HPX V1.3 released -- STE||AR Group

The STE||AR Group has released V1.3 of HPX -- A C++ Standard library for parallelism and concurrency.

HPX V1.3 Released

The newest version of HPX (V1.3) is now available for download! This release focuses on performance and stability improvements. Please see here for the full release notes.

    HPX is a general purpose parallel C++ runtime system for applications of any scale. It implements all of the related facilities as defined by the C++ Standard. As of this writing, HPX provides the only widely available open-source implementation of the new C++17 parallel algorithms. Additionally, HPX implements functionalities proposed as part of the ongoing C++ standardization process, such as large parts of the C++ Concurrency TS, Parallelism TS V2, data-parallel algorithms, executors, and many more. It also extends the existing C++ Standard APIs to the distributed case (e.g. compute clusters) and for heterogeneous systems (e.g. GPUs).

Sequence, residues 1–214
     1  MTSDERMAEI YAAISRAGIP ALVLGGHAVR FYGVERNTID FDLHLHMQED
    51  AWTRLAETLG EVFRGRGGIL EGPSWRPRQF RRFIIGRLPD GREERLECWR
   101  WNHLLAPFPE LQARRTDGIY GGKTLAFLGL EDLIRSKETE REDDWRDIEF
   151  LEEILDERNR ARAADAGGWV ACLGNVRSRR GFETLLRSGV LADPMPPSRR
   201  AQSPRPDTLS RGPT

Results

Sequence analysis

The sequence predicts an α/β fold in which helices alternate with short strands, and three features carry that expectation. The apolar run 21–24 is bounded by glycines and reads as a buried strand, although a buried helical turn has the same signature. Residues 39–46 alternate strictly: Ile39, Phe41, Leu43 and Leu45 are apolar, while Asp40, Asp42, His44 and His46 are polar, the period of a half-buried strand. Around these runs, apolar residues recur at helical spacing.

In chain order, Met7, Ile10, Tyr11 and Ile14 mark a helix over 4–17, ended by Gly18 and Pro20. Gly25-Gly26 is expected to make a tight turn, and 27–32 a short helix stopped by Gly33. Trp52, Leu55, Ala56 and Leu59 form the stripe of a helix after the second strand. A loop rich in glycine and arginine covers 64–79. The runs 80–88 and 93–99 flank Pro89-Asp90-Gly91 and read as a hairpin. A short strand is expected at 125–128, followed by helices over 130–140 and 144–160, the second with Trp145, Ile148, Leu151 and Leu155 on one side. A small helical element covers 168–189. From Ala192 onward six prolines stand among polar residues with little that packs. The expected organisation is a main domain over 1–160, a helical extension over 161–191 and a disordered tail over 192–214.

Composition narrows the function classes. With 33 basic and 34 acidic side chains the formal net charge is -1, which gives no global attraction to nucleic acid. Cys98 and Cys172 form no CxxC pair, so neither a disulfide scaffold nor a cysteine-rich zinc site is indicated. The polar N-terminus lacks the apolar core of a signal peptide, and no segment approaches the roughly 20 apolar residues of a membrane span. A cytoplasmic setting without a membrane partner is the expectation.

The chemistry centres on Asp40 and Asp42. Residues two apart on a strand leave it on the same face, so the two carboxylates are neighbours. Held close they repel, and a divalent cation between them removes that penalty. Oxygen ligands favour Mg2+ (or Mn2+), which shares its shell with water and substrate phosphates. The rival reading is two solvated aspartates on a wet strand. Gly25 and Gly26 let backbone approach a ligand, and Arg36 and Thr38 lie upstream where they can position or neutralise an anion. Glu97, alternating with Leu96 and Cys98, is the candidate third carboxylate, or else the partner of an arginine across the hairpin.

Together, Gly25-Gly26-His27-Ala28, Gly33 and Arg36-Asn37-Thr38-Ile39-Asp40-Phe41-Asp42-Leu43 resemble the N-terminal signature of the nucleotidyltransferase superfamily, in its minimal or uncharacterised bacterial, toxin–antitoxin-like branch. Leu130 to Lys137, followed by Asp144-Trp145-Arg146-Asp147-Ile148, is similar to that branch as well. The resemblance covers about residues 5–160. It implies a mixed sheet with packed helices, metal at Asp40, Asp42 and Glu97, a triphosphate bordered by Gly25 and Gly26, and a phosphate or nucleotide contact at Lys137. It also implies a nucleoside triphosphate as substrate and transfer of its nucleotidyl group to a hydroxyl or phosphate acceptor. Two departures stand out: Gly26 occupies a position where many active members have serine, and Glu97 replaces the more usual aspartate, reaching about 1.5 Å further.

HPX seamlessly enables a new Asynchronous C++ Standard Programming Model that tends to improve the parallel efficiency of our applications and helps reducing complexities usually associated with parellism and concurrency.


GCC 9.1 Released

Check it out.

GCC 9.1 Released

From the article:

In this release C++17 support is no longer marked experimental. The C++ front-end implements the full C++17 language (already previous GCC major version implemented that) and the C++ standard library support is almost complete. The C++ front-end and library also have numerous further C++2a draft features. GCC has a new front-end for the D language. GCC 9.1 has newly partial OpenMP 5.0 support and almost complete OpenACC 2.5 support...